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Arch Biochem Biophys. 2000 Aug 15;380(2):331-8.

Essential role of trehalose in the synthesis and subsequent metabolism of corynomycolic acid in Corynebacterium matruchotii.

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Department of Biochemistry, Kawasaki Medical School, Kurashiki, Okayama, 701-0192, Japan.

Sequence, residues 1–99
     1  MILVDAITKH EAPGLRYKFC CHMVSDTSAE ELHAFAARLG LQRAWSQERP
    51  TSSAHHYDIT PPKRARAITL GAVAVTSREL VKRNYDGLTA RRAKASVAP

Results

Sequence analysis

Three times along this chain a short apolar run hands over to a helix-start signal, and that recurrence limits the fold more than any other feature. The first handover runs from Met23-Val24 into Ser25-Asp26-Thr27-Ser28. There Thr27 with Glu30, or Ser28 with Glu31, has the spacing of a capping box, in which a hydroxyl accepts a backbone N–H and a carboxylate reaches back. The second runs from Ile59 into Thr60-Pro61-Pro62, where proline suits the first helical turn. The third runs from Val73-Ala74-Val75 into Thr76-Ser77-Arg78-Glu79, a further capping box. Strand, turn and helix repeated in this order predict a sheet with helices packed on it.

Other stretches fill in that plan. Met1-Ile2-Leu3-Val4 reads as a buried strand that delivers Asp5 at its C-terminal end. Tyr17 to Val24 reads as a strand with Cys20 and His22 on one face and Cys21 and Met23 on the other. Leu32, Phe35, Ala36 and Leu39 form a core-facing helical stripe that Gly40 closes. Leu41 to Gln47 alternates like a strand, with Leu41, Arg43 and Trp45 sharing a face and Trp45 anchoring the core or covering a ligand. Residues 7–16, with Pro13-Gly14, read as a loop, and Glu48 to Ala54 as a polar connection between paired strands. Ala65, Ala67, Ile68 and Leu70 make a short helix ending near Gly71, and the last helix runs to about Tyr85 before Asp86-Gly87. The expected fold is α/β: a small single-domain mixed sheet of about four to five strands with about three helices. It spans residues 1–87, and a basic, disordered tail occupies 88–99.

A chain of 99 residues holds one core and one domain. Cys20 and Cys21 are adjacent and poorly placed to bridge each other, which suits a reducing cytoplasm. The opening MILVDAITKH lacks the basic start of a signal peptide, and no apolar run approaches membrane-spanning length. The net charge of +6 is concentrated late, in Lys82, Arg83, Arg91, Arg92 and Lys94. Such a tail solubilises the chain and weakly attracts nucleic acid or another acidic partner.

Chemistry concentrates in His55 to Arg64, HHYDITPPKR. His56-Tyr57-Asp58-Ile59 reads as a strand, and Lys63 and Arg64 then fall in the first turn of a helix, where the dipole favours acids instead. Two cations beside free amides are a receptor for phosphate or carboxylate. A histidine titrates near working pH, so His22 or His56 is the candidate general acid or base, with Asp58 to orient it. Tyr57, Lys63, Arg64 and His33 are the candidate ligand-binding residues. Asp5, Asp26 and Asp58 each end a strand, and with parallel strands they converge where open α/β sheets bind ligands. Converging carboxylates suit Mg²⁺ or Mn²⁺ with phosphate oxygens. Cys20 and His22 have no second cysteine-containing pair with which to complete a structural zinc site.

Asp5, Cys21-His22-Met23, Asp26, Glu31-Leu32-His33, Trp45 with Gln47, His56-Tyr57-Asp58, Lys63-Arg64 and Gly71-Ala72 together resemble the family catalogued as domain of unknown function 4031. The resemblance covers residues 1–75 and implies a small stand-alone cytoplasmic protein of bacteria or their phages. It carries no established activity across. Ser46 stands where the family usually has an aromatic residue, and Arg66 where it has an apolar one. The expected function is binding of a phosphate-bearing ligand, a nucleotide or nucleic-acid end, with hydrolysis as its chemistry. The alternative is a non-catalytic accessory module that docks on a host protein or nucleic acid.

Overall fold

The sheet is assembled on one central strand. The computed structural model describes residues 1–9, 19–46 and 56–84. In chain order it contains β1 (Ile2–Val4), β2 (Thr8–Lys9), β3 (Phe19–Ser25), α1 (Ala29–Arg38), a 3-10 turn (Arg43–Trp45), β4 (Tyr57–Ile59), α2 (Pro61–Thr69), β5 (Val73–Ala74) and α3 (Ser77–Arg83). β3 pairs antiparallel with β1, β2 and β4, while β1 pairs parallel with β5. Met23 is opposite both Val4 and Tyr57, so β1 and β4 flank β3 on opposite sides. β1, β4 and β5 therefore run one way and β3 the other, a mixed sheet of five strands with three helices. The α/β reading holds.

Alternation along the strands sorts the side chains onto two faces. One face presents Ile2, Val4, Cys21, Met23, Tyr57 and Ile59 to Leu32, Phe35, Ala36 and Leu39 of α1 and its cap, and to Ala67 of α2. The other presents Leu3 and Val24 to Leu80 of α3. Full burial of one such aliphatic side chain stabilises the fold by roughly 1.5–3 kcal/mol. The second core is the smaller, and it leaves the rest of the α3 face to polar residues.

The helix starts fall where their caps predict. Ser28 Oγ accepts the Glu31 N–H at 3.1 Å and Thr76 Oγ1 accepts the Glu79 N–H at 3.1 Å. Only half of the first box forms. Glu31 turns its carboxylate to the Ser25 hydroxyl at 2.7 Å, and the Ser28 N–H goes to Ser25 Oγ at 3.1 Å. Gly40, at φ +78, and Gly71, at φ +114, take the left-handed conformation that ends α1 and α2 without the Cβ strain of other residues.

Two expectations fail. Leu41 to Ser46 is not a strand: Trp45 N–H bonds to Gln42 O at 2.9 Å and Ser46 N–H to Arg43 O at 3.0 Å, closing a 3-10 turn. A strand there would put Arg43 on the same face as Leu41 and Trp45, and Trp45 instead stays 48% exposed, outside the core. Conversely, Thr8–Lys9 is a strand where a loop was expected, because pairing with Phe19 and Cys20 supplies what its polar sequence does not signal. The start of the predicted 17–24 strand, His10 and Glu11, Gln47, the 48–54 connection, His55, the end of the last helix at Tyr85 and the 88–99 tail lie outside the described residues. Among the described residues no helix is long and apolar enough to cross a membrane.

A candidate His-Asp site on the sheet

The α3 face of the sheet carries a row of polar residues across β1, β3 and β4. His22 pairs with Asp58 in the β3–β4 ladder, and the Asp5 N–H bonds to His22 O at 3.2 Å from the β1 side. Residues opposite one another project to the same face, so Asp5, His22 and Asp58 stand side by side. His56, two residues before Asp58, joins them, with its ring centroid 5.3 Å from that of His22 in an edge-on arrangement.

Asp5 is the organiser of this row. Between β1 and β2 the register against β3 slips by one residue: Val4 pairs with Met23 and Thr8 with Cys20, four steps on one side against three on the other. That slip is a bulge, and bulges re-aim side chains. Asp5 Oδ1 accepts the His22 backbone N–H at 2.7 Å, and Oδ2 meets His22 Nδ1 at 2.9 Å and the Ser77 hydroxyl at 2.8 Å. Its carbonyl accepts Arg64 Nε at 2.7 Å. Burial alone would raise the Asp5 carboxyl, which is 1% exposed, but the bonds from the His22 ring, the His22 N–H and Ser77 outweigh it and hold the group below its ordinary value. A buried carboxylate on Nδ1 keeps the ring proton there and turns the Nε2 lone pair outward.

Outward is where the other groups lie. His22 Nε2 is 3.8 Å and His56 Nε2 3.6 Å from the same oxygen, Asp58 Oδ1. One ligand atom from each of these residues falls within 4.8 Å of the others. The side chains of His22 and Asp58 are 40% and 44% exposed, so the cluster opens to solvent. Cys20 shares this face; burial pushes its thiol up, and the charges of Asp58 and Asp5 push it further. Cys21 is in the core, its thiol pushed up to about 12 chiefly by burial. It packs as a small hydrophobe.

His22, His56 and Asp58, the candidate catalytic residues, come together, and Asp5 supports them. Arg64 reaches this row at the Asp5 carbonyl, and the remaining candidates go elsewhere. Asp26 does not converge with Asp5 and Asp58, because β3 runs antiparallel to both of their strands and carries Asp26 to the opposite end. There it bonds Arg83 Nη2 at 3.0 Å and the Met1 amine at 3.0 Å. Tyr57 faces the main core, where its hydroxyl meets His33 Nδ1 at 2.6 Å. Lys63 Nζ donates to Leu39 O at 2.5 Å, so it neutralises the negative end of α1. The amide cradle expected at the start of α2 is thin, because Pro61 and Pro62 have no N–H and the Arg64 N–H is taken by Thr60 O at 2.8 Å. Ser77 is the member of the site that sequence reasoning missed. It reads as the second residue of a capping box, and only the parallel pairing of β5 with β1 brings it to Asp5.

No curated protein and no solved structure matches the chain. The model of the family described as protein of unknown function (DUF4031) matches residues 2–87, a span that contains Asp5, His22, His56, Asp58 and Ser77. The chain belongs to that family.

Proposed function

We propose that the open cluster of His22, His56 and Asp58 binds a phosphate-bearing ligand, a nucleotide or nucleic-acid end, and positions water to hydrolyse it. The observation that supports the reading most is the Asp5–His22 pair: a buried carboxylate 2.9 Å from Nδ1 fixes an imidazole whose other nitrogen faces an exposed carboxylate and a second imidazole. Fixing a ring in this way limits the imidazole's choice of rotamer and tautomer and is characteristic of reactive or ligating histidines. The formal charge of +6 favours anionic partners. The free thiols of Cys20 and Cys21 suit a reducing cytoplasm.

A previous paper indicated that corynomycolates synthesized by the fluffy layer fraction prepared from Corynebacterium matruchotii cells appeared exclusively as alpha-trehalose 6-monocorynomycolate (TMM) (T. Shimakata, K. Tsubokura, T. Kusaka, and K. Shizukuishi, 1985, Arch. Biochem. Biophys. 238, 497-508). In the present communication, the role of trehalose in the synthesis and subsequent metabolism of corynomycolic acids was reexamined. Consequently the following facts were clarified: (i) trehalose 6-phosphate (T-6-P), but not trehalose, stimulated corynomycolate synthesis from palmitate in the presence of ATP; the immediate product was TMM, which showed a rapid turnover. Since the turnover was blocked by addition of alpha-trehalose, only TMM accumulated among corynomycolate-containing substances. These results strongly suggested that T-6-P is an essential component as the acceptor in corynomycolate-synthetic system; (ii) TMM was the precursor not only to alpha-trehalose 6,6'-dicorynomycolate (TDM) and free corynomycolic acids but also to cell wall corynomycolate; (iii) addition of alpha-trehalose blocked the transfer of the corynomycolate moiety from TMM to cell wall corynomycolate, TDM, and free corynomycolic acids to a similar extent. These results clearly indicate that trehalose plays an essential role in the metabolism of corynomycolate after Claisen condensation and subsequent reduction in C. matruchotii.

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